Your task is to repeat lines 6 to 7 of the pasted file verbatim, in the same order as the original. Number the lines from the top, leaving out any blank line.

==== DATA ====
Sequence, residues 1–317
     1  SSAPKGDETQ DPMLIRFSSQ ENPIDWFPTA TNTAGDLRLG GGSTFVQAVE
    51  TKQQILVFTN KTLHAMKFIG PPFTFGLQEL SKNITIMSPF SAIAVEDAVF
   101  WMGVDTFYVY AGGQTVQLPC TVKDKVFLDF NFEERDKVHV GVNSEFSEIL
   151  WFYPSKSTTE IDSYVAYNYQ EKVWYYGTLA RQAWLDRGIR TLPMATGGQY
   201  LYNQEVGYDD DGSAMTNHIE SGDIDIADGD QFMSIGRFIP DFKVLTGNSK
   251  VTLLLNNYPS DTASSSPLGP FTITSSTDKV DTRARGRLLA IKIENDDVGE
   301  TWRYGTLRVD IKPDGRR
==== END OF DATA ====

   201  LYNQEVGYDD DGSAMTNHIE SGDIDIADGD QFMSIGRFIP DFKVLTGNSK
   251  VTLLLNNYPS DTASSSPLGP FTITSSTDKV DTRARGRLLA IKIENDDVGE